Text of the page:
Three primary technologies are employed to measure liquid conductivity, and the choice of sensor technology hinges on the specific application and the expected conductivity measurement range. The chart below offers some illustrative examples.
Image Credit: Hamilton Process Analytics
2 Electrode Conductivity
The 2-electrode (or 2-pole) conductivity sensors are relatively straightforward to comprehend. These sensors consist of two metal plates separated by an insulating material. An AC voltage is applied to these plates, allowing current to pass through the liquid.
The voltage and current are known values, enabling the liquid's resistance calculation. The distance between the electrodes and their surface area must be considered.
These physical dimensions are quantified as a "cell constant." Smaller cell constants, such as 0.1, are optimal for low-conductivity liquids like purified water, while larger cell constants, around 1.0, work effectively for general applications like potable water.
2-electrode sensors have limited range due to the polarization effects of charged ions in the liquid at higher conductivity levels. These sensors are best suited for clean, non-coating liquids and are more susceptible to corrosion and the presence of bubbles.
The Hamilton Conducell UPW Sensor is best suited for applications such as purified water. Image Credit: Hamilton Process Analytics
4 Electrode Conductivity
4-electrode (4-pole) conductivity sensors function similarly to their two-electrode counterparts, but they offer a broader measurement range by incorporating a second pair of electrodes.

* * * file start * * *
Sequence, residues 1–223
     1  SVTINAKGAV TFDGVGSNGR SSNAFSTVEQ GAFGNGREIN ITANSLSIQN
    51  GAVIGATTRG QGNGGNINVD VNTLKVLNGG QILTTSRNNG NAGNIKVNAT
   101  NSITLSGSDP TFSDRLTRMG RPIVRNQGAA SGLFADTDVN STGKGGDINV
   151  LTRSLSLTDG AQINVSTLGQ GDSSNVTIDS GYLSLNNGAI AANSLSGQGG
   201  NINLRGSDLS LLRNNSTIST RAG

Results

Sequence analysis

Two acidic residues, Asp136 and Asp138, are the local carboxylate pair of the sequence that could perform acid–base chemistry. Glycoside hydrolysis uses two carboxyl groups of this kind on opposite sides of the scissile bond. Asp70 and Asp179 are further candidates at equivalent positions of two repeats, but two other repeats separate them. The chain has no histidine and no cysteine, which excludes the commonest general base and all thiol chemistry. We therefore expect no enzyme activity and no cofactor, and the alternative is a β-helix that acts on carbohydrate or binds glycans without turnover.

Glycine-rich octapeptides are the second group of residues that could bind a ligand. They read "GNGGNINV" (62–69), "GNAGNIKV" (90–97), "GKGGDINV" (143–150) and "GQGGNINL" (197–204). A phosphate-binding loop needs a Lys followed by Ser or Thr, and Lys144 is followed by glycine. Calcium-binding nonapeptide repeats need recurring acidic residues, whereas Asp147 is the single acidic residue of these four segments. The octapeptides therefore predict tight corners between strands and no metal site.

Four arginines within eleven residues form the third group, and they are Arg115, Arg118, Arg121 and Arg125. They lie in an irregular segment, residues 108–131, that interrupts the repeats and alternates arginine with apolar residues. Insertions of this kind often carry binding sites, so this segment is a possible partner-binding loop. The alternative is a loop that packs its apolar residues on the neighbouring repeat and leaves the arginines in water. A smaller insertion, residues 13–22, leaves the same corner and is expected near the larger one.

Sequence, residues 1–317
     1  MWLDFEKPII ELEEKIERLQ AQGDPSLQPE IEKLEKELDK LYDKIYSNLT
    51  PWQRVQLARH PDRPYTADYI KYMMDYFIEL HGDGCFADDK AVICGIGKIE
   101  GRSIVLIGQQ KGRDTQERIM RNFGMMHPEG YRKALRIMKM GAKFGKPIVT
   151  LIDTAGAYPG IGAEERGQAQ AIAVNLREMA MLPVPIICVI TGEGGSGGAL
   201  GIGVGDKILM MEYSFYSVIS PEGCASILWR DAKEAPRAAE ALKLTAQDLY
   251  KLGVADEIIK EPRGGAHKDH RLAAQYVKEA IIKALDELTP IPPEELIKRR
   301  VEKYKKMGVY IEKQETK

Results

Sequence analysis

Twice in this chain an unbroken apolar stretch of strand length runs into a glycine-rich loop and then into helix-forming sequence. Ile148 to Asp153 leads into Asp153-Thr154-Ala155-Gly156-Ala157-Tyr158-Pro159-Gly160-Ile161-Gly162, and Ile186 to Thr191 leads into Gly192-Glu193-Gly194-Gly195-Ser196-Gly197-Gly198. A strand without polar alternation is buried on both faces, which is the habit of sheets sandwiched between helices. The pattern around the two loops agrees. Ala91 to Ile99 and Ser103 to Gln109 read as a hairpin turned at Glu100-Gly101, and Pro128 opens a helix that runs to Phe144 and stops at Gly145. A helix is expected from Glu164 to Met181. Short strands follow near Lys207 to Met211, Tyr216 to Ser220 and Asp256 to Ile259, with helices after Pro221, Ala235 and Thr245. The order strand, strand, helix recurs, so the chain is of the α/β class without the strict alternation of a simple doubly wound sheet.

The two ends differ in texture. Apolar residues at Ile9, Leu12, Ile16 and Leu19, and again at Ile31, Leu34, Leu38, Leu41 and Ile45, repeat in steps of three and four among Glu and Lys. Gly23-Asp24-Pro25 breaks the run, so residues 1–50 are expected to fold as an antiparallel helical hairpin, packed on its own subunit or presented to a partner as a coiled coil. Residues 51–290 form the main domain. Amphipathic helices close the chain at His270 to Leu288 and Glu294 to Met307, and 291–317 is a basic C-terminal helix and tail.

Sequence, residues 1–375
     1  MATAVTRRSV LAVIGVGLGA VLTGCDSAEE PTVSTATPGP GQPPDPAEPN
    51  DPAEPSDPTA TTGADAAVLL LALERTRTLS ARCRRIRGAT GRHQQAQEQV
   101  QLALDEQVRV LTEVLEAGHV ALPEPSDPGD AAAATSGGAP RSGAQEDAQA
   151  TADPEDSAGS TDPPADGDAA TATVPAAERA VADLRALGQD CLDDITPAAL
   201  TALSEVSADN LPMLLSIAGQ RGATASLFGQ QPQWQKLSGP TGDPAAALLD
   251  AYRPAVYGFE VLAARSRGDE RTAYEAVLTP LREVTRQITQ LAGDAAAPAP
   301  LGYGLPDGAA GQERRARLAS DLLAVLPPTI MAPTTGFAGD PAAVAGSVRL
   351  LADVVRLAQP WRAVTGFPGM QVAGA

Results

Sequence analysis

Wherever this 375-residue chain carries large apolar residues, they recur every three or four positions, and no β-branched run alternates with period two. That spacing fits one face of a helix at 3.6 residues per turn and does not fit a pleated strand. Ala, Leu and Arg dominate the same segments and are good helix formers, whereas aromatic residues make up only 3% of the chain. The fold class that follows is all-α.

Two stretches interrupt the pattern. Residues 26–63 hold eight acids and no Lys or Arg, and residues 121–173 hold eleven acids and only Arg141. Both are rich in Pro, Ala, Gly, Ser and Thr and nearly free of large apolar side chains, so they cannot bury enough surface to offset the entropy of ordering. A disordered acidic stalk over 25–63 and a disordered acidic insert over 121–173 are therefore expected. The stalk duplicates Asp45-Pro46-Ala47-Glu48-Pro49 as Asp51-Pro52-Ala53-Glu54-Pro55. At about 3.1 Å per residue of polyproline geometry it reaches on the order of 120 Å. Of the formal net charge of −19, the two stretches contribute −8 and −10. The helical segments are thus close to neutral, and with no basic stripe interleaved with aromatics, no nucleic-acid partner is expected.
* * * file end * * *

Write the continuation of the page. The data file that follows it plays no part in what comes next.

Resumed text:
This additional pair of electrodes generates a known current, enabling voltage drop measurement across the electrodes. This fluctuating voltage drop compensates for polarization errors encountered in the two-electrode design.
4-electrode conductivity sensors are well-suited for applications where conductivity can exhibit substantial variations. These electrodes are constructed using Titanium and Hastelloy alloys, enhancing compatibility with strong chemicals.
The compensating design provides some capability to rectify issues arising from particulates and bubbles, but it is advisable to avoid using them in liquids prone to heavy build-up.
The installation should consider the exposed electrode design, ensuring that the sensor's tip remains fully exposed to the process liquid, extending by 1 cm in all directions.
Two of the four electrodes present on the Conducell 4US sensor can be seen in this photo. Image Credit: Hamilton Process Analytics
Toroidal and electrodeless sensors are commonly referred to as inductive conductivity sensors. Inside the sensor, you will find two insulated magnetic coils, often called toroids. A fixed AC voltage is applied to the primary coil, causing a corresponding current to flow within the surrounding liquid.
The secondary coil responds to this current flow by creating a magnetic field. The strength of this magnetic field is directly linked to the conductivity of the liquid. The magnetic field from the second coil generates its current, which can then be used to measure the liquid's conductivity.
The basic design of inductive conductivity sensors makes them suitable for applications involving coatings and scaling. The non-conductive sensor body is constructed from corrosion-resistant PEEK plastic, which works well with strong acids and bases.
Toroidal sensors, however, are not very sensitive when it comes to accurately measuring low-conductivity liquids like pure water. Their physical size, combined with the electrical field effect, demands sufficient spacing away from the walls of pipes and tanks to prevent measurement errors.
Inductive sensors are well suited for corrosive and coating liquids due to their plastic body. Image Credit: Hamilton Process Analytics
This information has been sourced, reviewed and adapted from materials provided by Hamilton Process Analytics.
For more information on this source, please visit Hamilton Process Analytics.